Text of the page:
I bring this up because I think that with some people, the obvious could dance on their face, and they’d still be asking how come they didn’t know about something. Or, they maintain some bizarre stance they took randomly in the 80s, and are afraid to give up on it just yet. In a recent letter to the editor in the Hartford Advocate, the writer suggests of the Wadsworth: “Maybe they’d get more visitors if they just called it the Wadsworth Museum instead! […] They’re the oldest art museum in America? Bully for them! Maybe if people knew that’s what they are they could work on becoming the best art museum in America!” If you pass by the building, you can see the banners advertising current exhibits. If you read art & entertainment listings in the half-billion a&e listing publications in Connecticut, you can find the museum listed right under that art/museum/gallery section with a description that makes it pretty clear of what it is. The naming issue seems silly to me. How many places are named in the most accurate way? Certainly not most. I mean, looking at just the names, could you figure out what these places were if they didn’t have a reputation– The Gap, Banana Republic, Versace, or Anthropologie? (more…)

Down by the River

In doing research on etiquette for an article I’m writing, I found myself growing ever more frustrated by the blatant hypocrisy most people in this society seem to demonstrate when it comes to matters of manners. Mainly, people (women, especially) nearly give themselves ulcers when preparing for weddings–Is it acceptable to wear white if it’s my second wedding? How do I ask guests to not bring children without offending them? How do I seat my guests for dinner?–but such concerns don’t translate to other areas of their lives. I started off in a huff over the excessive cell phone use that borders on boasting of how many friends one has, and this expanded into other areas.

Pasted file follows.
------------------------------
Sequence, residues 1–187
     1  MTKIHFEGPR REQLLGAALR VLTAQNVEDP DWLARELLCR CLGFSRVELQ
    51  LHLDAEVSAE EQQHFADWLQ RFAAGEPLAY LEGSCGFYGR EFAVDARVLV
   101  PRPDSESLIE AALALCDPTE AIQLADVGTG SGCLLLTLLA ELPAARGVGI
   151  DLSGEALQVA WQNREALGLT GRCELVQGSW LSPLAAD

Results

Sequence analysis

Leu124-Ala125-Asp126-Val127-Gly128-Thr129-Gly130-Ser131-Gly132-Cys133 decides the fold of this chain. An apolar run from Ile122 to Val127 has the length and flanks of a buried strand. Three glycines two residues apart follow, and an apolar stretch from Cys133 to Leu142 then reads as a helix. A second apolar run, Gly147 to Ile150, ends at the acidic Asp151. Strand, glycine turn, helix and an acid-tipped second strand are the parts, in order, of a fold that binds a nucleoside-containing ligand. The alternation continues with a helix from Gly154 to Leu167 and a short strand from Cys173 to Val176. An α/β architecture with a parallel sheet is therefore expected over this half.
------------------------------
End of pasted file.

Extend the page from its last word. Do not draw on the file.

In reading some tried-and-true advice books, I found an author suggesting that one must never say disparaging things about an area to a person. Here it is, in black-and-white, something that’s been pissing me off for some time, and even the manners books thought to include it: It is unforgivably rude to insult a place that another person lives. (more…)

FNB is Back!

After a brief hiatus, Food Not Bombs will once again be serving free vegetarian food on both Saturdays and Sundays in Bushnell Park!

we are pleased to announce that as of this weekend (7/21/07), hartford food not bombs will start sharing saturday meals again. in order to sustain this group we need the assistance of dedicated volunteers like you, so please come out and help! as always, we could also use some helping hands on sundays too.

if you’d like to get involved, come by the charter oak cultural center (21 charter oak ave in hartford) any saturday or sunday @ 1pm or call 860.978.3562.   for more info check out or

Food Not Bombs is not exactly a soup kitchen. There are FNB chapters worldwide, many of which also hand out political pamphlets and books with meals.

Unconventional Politics

Tonight at 6:30 pm (not a good time for Creative Cocktail folks), some of the Democratic mayoral candidates will be holding an “Unconvention” at 331-A Wethersfield Avenue. This is across the street from Bulkeley High, where the Democratic Town Committee is expected to nominate Perez for another term.

The Unconvention will feature the other mayoral candidates who aren’t backing away from the challenge of trying to unseat Perez. The primary will be held on 9/11/07.

Good Morning Sexist Crap

CT News Junkie posts about this lawsuit being filed because of libelous comments on a website for SCSU professors:

The comments alleged one of the plaintiffs received a salary increase because she was having sexual relations with another CSU-AAUP employee.

Oh, and you also thought that we were living in the 21st century, when a woman’s career advancement is not assumed to be due to playing footsie with a boss? <buzzer> Wrong! Not only does one, as a female professor, have to deal with the weird gendered expectations that some students have of you (female =motherly/push-over/nice or bitch), but then from possibly your own colleagues, is the merit of your salary or position questioned. Throw in issues with pay, and we can call it a day.